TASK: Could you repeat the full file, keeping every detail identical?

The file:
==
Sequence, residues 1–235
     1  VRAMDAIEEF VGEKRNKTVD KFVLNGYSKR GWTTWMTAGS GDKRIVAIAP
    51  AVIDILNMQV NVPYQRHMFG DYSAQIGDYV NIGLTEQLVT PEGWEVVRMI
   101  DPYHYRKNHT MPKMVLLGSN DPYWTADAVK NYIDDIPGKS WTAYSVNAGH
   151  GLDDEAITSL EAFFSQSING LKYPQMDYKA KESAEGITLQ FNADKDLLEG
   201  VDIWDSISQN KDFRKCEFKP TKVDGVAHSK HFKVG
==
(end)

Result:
Sequence, residues 1–235
     1  VRAMDAIEEF VGEKRNKTVD KFVLNGYSKR GWTTWMTAGS GDKRIVAIAP
    51  AVIDILNMQV NVPYQRHMFG DYSAQIGDYV NIGLTEQLVT PEGWEVVRMI
   101  DPYHYRKNHT MPKMVLLGSN DPYWTADAVK NYIDDIPGKS WTAYSVNAGH
   151  GLDDEAITSL EAFFSQSING LKYPQMDYKA KESAEGITLQ FNADKDLLEG
   201  VDIWDSISQN KDFRKCEFKP TKVDGVAHSK HFKVG